of document scanner is not, however, identified as a repetitive job in the DOT and, in fact,
specifically requires the ability to perform a variety of duties. The VE, then, has testified
inconsistently with the DOT, and neither the VE nor the ALJ recognized the conflict. (Tr. 917).
Accordingly, the ALJ did not resolve the conflict. This Court has held that an ALJ’s failure to
provide any explanation for the discrepancy between an explicit limitation and the requirements
of jobs identified by the VE precludes affirmance. McPheeters v. Astrue, 2013 WL 523674, at *3
(W.D. Mo. Feb. 12, 2013) (citing Jones v. Barnhart, 315 F.3d 974, 979 (8th Cir. 2003) (noting “an
ALJ cannot rely on expert testimony that conflicts with job classifications in the DOT unless there
is evidence in the record to rebut those classifications.”).
The facts of McPheeters are analogous to those in the present case. There, the ALJ’s RFC
excluded Plaintiff from performing jobs which “involve detailed tasks or detailed instructions.”
McPheeters, 2013 WL 523674 at *2. The ALJ posed a hypothetical to the VE which limited the
Plaintiff to work that does not involve dealing with detailed tasks or instructions. Id. The VE
identified three jobs, but two of which require reasoning skills that requires the ability to
understand and carry out detailed instructions. Id. Importantly, as in this case, the ALJ in
McPheeters did not recognize, resolve, or explain the conflict in his decision.
The Commissioner asks this Court to rely on Welsh v. Colvin, 765 F.3d 926, 930 (8th Cir.
2014), where the court held that “the failure to address any potential inconsistency between the
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RFC’s limitation to simple, routine, repetitive work and the DOT’s requirement of level three
reasoning [such as that required by the document scanner job] does not require remand.” Welsh,
however, is easily distinguishable from this case. There, the ALJ questioned the VE about apparent
inconsistencies between the VE’s testimony and the relevant DOT job descriptions and explained
his decision to credit the VE’s testimony. Id. The Commissioner also cites to Renfrow v. Astrue,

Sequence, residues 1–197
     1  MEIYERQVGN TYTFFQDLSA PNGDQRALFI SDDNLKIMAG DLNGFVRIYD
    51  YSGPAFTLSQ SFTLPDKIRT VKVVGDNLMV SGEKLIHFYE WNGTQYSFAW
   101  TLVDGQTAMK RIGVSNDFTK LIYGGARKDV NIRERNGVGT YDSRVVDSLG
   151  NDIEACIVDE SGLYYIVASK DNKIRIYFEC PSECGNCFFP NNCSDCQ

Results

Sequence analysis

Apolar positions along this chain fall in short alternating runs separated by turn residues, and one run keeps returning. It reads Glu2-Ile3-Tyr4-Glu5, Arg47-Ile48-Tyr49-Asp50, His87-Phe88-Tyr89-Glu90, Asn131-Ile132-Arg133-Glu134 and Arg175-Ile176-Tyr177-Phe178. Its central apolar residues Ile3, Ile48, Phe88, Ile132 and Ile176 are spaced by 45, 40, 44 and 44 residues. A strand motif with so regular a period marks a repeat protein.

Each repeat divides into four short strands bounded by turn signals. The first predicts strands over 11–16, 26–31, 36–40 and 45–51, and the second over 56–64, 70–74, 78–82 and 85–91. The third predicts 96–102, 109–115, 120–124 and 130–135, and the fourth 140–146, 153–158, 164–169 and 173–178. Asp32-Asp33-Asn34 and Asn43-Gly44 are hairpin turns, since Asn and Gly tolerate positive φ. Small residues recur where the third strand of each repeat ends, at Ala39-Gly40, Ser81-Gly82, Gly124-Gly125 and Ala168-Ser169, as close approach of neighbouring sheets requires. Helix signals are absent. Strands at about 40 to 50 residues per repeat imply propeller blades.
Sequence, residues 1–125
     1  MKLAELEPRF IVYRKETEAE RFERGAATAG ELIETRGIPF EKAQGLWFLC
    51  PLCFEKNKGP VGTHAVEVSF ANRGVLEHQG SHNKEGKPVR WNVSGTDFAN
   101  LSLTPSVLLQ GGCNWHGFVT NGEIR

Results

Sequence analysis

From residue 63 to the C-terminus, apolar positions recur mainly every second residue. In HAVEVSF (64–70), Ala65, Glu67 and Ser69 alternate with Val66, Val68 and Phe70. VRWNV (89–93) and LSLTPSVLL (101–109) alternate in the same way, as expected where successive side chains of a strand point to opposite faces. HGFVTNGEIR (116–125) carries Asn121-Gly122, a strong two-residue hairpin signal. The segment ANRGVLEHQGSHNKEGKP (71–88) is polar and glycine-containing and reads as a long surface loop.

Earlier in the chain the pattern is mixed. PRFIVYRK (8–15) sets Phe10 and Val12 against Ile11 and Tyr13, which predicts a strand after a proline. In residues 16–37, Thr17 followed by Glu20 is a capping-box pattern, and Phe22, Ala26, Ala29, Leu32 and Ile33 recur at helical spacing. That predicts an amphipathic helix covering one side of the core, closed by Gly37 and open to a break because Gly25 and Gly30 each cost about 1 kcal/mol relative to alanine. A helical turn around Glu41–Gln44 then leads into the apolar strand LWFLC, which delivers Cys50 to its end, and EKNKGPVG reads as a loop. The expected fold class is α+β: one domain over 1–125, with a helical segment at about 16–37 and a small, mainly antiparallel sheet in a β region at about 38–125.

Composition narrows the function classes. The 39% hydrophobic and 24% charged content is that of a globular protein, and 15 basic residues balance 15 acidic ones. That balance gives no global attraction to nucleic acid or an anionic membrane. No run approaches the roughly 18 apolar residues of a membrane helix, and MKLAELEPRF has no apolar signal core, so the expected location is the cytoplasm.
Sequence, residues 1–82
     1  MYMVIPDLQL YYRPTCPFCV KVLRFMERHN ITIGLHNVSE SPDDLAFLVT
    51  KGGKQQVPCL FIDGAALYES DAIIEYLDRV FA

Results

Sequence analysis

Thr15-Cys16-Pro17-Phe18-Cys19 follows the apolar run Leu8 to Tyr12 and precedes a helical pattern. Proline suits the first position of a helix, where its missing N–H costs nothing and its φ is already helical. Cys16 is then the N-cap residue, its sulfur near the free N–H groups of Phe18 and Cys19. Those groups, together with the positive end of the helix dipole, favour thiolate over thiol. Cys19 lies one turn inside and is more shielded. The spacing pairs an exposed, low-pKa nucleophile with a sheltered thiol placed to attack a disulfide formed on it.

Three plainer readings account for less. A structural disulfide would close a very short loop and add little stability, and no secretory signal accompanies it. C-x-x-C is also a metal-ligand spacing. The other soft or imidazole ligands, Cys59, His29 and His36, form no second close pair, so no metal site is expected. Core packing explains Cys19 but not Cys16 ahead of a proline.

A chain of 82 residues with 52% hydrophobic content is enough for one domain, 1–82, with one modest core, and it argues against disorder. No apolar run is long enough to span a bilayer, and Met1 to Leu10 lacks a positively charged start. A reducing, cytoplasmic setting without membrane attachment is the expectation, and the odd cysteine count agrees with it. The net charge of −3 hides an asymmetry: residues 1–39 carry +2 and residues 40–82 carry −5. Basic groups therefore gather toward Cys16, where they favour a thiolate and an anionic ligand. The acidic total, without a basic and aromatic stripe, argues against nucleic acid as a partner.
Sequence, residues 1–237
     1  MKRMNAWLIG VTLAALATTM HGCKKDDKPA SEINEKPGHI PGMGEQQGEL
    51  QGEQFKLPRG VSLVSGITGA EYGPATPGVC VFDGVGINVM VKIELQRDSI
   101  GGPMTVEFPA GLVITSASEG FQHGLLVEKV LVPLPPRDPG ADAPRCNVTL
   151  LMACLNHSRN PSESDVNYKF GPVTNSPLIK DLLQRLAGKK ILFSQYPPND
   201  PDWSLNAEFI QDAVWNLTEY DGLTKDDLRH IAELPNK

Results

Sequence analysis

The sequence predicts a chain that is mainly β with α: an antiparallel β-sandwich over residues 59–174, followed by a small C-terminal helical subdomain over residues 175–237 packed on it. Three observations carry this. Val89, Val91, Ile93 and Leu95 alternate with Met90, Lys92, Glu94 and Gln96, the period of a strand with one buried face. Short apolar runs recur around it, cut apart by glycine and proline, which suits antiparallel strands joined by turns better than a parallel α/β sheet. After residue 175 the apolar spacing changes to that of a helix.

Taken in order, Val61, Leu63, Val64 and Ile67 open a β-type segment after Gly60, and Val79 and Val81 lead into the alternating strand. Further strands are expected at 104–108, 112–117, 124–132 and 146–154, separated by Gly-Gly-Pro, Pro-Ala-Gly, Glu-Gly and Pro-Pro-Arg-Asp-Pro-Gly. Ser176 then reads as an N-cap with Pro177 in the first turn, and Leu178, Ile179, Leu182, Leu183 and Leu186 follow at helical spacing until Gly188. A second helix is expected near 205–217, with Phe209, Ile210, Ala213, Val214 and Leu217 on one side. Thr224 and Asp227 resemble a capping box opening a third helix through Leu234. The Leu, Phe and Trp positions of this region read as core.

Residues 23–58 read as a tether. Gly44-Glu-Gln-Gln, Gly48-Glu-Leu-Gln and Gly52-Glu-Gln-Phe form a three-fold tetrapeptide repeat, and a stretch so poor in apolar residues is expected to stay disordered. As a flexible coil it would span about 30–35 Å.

496 F.3d 918 (8th Cir. 2007) for a similar proposition. In Renfrow, however, the facts are again
quite different from those at hand. There, the court found that there was no actual conflict between
the VE’s testimony and the DOT, because the VE’s testimony referred to broad categories that
were inconsistent with the RFC limitations, but in actuality the jobs identified were narrower jobs
within those categories which were consistent with the RFC limitations. Id. at 921.
The Commissioner further argues that remand is not required here because the jobs of
circuit board assembler and packager exist in significant numbers in the national economy.
(Defendant’s Brief, 15). It is true that ALJ’s may properly cite to fewer than three occupations if
it is clear that the jobs exist in significant numbers with fewer occupations. See 20 C.F.R. §§
404.1566(b) and 416.966(b). See also Weiler v. Apfel, 179 F.3d 1107, 1110-11 (8th Cir. 1999)
(affirming the ALJ’s decision and finding that even if the plaintiff could not perform the VEidentified jobs of deliverer, locker room attendant, or arcade attendant, he could perform the job
of surveillance systems monitor, and the ALJ could reasonably find that 32,000 surveillance
systems monitor jobs in the national economy constituted a significant number of jobs.). Plaintiff
notes that Weiler was decided prior to the enactment of SSR 00-04p.
Plaintiff is further correct that for this Court to conclude that the ALJ found that the jobs
of circuit board assembler and packager existed in significant numbers in the national economy
would be to supply a factual finding that the ALJ herself did not make. The ALJ made no findings
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regarding the validity of the two jobs in the absence of the job of document scanner. (Tr. 917).
While this may be true, it is beyond the scope of the Court to make a finding of fact. See
McPheeters, 2013 WL 523674 (declining to supply finding that other jobs existed in significant
numbers). See also May v. Astrue, 2010 WL 3257848 *8 (W.D. Mo. 2010) (“A reviewing court
may not uphold an agency decision based on reasons not articulated by the agency when the agency
has failed to make a necessary determination of fact or policy.”). In sum, because the ALJ did not
recognize or resolve the inconsistency between the VE’s testimony and the DOT with respect to
the job of document scanner, the Court orders remand on this issue.
With respect to the ALJ’s assessment of Plaintiff’s mental and physical RFC, the Court
finds that the ALJ’s decision is supported by substantial evidence in the record as a whole and is
hereby AFFIRMED. With respect to the ALJ’s reliance on the vocational expert’s testimony
that Plaintiff can perform the job of document scanner, the Court finds that the ALJ erred and the
ALJ’s decision that Plaintiff can perform “other work” under step five is hereby REVERSED
IT IS SO ORDERED.
Dated: September 10, 2020
/s/ Douglas Harpool______
United States District Judge